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Lesson 13: Heat Related Illnesses Emergency Reference Guide p. 59-64.

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Presentation on theme: "Lesson 13: Heat Related Illnesses Emergency Reference Guide p. 59-64."— Presentation transcript:

1 Lesson 13: Heat Related Illnesses Emergency Reference Guide p. 59-64

2 Objectives Define heat exhaustion, heat stroke & hyponatremia Describe prevention techniques List signs/symptoms for heat related illnesses Describe emergency treatment Describe situations that require emergency evacuation

3 Heat Related Illnesses Overview Range of problems associated with very warm to hot air temperatures Other factors involved: –Humidity –Being overweight/out of shape –Very young or very old –Unaccustomed to heat –Certain drugs such as antihistamines –Continued exercise –Dehydration

4 Heat Related Illnesses Overview (cont’d.) Heat exhaustion: result of combination of factors. –Heat stress –Water/electrolyte loss –Inadequate hydration Heat stroke: when core produces heat faster than it can be dissipated. –Over-exerting or dehydrated Hyponatremia: low blood sodium level. Caused by drinking too much water or failing to eat

5 Preventing Heat Related Illnesses What can you do to prevent heat related illnesses? –Stay well hydrated, consume water prior to exercising & during exercise –Wear baggy, loosely woven clothing to allow evaporation –Keep head covered & face shaded –Keep fit, start slowly –Avoid exercise during hottest part of day –Drugs may increase risk –Rest in shade often

6 Signs/Symptoms for Heat Exhaustion –Sweating –Tiredness & feeling lethargic –Skin appears pale & sweaty or flushed –Headache –Nausea, sometimes vomiting –Muscle cramps –Thirst/decrease urine output –Dizziness –Elevated heart rate –Possible slight increase in core temp

7 Caring for Heat Exhaustion Stop activity, rest in cool/shady area Replace lost fluids: –Quart of water with pinch salt added. Drink over a 20 minute period –Do not use salt tablets, too concentrated Wet the patient down Gently stretch & massage cramped muscles Allow drowsy patient to sleep Recovery may take 24 hours When patient feels ok, allow to continue

8 Signs/Symptoms for Heat Stroke Core temperature rising to 105F Disorientation, bizarre personality changes Skin turning hot and red, may be dry Elevated heart and respiratory rate Headache Seizures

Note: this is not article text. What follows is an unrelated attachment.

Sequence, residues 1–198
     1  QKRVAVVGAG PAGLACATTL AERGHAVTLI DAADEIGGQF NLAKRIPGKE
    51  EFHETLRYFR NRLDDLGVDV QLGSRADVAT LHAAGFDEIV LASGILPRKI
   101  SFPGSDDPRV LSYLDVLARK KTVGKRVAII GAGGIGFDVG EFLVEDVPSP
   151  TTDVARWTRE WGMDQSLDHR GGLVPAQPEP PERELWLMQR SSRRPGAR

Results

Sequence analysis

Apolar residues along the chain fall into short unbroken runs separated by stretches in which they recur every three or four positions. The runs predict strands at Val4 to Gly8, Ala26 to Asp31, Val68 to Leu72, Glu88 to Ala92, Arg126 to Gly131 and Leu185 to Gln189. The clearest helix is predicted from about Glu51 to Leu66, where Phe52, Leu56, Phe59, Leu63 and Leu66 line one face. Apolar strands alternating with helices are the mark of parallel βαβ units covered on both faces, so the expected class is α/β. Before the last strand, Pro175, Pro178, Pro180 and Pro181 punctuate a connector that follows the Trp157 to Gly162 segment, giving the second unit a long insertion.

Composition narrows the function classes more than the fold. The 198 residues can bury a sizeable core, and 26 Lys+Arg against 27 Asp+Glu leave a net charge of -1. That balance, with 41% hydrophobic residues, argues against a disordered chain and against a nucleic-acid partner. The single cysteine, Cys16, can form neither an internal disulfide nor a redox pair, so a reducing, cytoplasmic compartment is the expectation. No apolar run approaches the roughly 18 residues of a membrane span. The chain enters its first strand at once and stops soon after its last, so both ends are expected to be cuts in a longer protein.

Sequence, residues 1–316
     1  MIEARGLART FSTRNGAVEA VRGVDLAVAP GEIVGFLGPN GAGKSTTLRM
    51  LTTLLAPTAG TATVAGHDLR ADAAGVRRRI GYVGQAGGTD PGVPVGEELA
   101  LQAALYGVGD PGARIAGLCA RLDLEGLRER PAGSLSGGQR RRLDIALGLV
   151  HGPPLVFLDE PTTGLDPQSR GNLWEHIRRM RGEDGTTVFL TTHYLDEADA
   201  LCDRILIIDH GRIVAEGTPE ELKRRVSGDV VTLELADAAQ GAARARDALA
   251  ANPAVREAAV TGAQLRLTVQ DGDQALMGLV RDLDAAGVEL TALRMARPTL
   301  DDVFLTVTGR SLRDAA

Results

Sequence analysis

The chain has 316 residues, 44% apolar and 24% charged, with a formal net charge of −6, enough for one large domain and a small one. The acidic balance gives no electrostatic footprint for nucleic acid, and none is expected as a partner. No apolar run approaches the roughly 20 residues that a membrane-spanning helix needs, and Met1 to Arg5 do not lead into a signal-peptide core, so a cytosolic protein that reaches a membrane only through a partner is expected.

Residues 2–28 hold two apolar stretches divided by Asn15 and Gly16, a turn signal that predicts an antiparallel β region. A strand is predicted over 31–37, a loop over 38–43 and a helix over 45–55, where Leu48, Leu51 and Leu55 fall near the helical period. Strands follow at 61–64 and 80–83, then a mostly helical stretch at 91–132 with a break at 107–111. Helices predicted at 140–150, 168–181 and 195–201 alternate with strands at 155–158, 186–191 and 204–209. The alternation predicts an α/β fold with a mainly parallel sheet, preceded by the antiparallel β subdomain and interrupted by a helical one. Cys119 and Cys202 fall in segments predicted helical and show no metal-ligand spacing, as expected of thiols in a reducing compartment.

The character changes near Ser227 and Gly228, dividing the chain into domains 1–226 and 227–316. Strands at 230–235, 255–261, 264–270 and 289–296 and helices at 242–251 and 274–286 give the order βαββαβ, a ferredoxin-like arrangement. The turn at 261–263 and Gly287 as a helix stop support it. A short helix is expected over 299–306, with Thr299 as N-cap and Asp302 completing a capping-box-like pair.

9 Care for Heat Stroke True emergency, rapid cooling is essential –Remove from hot environment –Remove heat retaining clothing –Immerse in cool water or drench in cool/cold water Concentrate cooling on head & neck Use cold packs on neck, armpits, groin, hands, feet Fan patient to increase evaporation

10 Care for Heat Stroke (cont’d.) Monitor patient closely & cease cooling efforts when normal status returns Give cold water to drink, if patient can accept it Do not give fever reducing drugs Have patient see health care provider as soon as possible Keep careful watch on patient, relapses common

11 Signs/Symptoms for Hyponatremia Appears to have heat exhaustion, but giving more water makes it worse Also called “water intoxication” Looks like heat exhaustion, but: –Urinated recently, urine clear –Claims drinking all day, denies being thirsty Headache Weakness & fatigue Light headedness

12 Signs/Symptoms for Hyponatremia (cont’d.) Muscle cramps Nausea with/without vomiting Sweaty skin Normal core temp Normal/slightly elevated pulse/respiration rate Increasing level of anxiety More severe symptoms include disorientation, irritability, combativeness If untreated, can lead to seizures, coma & death

13 Caring for Hyponatremia Mild to moderate cases can be cared for in the field Rest in shaded area Eat salty foods. Do not let them drink anything If patient is well hydrated, restricting fluid intake is harmless Once patient has normal hunger/thirst and normal urine output, the condition is resolved

14 Scenarios A 24 yr old, slightly overweight, competing in short distance tri-athalon. Says he drank 3 - 4 quarts water. Stumbling while running up a hill & stops at your first aid station

15 Scenarios A 68 yr old woman in excellent condition is working on wilderness survey. She is sweating while carrying camera equipment then becomes confused & vomits

16 Guidelines for Evacuation GO SLOW for patient who does not fully recover from heat exhaustion or mild hyponatremia GO FAST for patient with altered mental state due to heat related issues, hyponatremia or experiences seizures

17 Questions??? What else could you add to your First Aid Kit?

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